"You can't photograph this building without permission," the pimply faced, barely adolescent, bespectacled security guard said, approaching me from what was obviously a break, with the extra-large, disposable soda cup as evidence. With his shirt in desperate need of an iron and in greater need of being tucked in, it was hard to tell if he was serious.
"Of course I can photograph the building," was my response. It was the World Exchange Plaza: its tall, glass curved lines have been photographed countless times. My words were blatantly contradictory but my tone was soft, even, carrying only the slightest weight that I was trying to correct the young lad.
"No, you can't take professional photographs of this building."
"I'm not a professional," I assured him, "trust me. I'm strictly amateur."
"I mean, you can't take photos of this building with a professional camera." He was beginning to sound frustrated.
"This isn't a professional camera," I explained. My D-SLR is an intermediate-level camera, and at that moment I was using my 10-20mm extra-wide lens. "What constitutes a professional camera and what makes you think this is one? Is it that it's on a tripod?" I had just mounted my camera on my tripod because it was dark. It was low to the ground, only a foot or so high, and the camera was tilted skyward.
"You can't take a photo of this building with a professional camera," he repeated.
"So, if I was a professional and I was taking a photo of the building with my smart phone, which has excellent resolution, by the way, you would not have approached me?"
I could see that he was beginning to lose patience, but I continued, "Did you know that the laws for photography, in Ontario, allow me to capture anything that is viewable in public? So, did you know that saying that I cannot take a photo of this building is false?"
I looked around our surroundings: I was in the outdoor, open space that faces Metcalfe Street. I was almost under a small, sheltered area of what looked like slabs of rock, could have been some sort of stage. The sidewalk for Metcalfe Street was less than 10 feet behind me as I faced the entrance to the building. I've always thought of this as a public space, belonging to the city, but perhaps it was part of the World Exchange Plaza. What I saw as city space could have been, technically, private property.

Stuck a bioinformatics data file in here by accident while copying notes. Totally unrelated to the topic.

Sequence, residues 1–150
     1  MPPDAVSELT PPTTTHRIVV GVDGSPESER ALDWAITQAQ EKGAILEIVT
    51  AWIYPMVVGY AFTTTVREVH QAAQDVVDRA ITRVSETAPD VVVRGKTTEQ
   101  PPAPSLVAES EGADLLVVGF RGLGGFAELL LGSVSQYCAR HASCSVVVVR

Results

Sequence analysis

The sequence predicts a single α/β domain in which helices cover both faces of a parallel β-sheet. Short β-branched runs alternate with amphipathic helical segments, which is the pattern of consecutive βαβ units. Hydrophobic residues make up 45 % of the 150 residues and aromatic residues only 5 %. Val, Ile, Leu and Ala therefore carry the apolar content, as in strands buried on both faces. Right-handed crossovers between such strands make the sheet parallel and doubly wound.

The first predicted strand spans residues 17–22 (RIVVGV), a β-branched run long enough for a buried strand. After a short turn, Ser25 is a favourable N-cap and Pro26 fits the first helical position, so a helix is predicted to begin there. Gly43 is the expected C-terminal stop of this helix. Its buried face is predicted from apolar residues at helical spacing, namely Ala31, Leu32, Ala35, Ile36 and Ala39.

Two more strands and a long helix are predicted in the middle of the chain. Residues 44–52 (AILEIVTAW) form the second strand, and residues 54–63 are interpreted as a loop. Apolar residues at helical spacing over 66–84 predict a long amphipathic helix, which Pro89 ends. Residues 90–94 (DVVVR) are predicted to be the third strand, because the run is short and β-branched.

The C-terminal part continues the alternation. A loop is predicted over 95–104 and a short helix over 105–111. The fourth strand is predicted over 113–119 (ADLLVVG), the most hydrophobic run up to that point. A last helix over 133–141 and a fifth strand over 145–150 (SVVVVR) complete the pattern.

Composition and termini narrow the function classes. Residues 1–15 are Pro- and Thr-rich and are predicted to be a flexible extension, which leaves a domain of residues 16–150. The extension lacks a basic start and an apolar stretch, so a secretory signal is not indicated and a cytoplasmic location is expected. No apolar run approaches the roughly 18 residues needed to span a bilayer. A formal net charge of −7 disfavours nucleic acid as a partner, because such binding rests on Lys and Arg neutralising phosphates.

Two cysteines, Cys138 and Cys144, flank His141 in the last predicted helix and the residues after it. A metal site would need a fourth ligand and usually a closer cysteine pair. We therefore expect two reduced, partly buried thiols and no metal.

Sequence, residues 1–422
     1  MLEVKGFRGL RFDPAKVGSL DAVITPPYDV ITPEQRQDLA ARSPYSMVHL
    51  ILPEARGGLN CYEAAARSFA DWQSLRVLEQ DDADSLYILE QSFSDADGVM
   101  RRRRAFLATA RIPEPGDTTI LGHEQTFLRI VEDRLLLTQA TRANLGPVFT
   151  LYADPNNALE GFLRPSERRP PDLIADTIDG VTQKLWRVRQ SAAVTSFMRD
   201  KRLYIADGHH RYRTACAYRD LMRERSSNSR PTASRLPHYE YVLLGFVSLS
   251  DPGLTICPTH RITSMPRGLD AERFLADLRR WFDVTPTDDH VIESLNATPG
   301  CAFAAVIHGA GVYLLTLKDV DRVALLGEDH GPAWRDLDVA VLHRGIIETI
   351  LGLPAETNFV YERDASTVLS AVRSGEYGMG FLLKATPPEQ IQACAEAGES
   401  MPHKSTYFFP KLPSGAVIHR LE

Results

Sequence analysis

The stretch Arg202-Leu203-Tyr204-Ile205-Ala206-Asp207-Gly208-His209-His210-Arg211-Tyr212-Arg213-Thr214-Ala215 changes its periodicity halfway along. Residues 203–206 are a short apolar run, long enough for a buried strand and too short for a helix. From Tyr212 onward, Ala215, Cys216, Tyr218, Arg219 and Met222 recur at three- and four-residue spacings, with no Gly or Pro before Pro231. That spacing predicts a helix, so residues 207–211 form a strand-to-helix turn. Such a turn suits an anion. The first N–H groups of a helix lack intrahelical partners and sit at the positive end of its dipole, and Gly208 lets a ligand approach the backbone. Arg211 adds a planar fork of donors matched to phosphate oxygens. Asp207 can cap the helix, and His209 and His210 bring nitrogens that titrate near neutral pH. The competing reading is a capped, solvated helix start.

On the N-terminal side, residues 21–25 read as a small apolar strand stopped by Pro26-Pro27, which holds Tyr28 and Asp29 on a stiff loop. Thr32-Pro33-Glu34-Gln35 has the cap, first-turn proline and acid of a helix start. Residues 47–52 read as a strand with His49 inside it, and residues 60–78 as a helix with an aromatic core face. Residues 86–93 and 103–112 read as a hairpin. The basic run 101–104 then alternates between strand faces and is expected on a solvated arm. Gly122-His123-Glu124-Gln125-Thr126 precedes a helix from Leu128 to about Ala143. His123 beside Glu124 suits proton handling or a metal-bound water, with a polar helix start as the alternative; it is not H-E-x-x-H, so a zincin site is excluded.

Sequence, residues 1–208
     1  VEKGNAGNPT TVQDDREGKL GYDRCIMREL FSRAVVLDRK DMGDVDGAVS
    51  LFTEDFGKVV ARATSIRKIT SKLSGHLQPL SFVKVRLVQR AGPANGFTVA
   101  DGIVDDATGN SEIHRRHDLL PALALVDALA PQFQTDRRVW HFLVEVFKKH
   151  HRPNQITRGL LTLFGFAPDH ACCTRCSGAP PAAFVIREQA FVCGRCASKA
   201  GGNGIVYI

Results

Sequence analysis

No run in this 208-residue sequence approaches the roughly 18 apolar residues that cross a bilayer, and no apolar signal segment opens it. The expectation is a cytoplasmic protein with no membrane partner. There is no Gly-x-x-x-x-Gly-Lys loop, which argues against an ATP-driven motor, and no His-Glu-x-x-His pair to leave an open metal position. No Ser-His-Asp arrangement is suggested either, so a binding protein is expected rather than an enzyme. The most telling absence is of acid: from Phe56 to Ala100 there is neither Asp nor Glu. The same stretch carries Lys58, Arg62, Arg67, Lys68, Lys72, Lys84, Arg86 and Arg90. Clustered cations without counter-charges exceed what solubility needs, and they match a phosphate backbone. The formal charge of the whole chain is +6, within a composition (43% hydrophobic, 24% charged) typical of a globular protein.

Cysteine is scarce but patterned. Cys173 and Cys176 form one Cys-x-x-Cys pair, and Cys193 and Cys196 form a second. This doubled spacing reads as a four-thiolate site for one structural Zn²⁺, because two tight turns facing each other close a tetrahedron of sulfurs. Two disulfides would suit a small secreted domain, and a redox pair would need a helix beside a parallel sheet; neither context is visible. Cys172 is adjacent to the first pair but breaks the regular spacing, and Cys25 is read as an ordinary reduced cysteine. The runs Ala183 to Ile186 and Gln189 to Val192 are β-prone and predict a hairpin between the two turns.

This is what he was getting at, I realized, though he only seemed focused on me not being allowed to photograph the building with what he considered to be a professional camera.
"Are you trying to say that I'm on private property?" I asked. He nodded. "Then that's the information you needed to convey. Your best and clearest approach would have been to inform me that I was standing on private property and that the management's policy was for photographers to obtain permission to set up a tripod to photograph the building. It has nothing to do with the quality of a camera, does it?"
His change in expression indicated that he also realized that he was approaching the situation from the wrong angle. "Yes, you need permission to photograph the building from here."
"So, you have no issue if I step back 10 feet and shoot from the same angle, but not this spot?"
"And knowing that I'm going to essentially that the same shot, you're still going to make me move my equipment a short distance because...?"
"Those are the rules," he finished, taking a sip of his soda.
"Very well," I sighed, "I'll follow your rules and take my non-professional photograph with my amateur camera, 'cos you need to enforce your rules and I want to take my shot." I picked up my camera and tripod, and decided to walk up the stairs, where they led upwards, to Queen Street. "Have a nice evening, Richard," I said as I started to walk away.
"My name's not Richard," he said.
"Really?" I questioned, "Because you seem like a Dick to me."
Higher up, at the intersection of Metcalfe and Queen, the angle seemed better to me.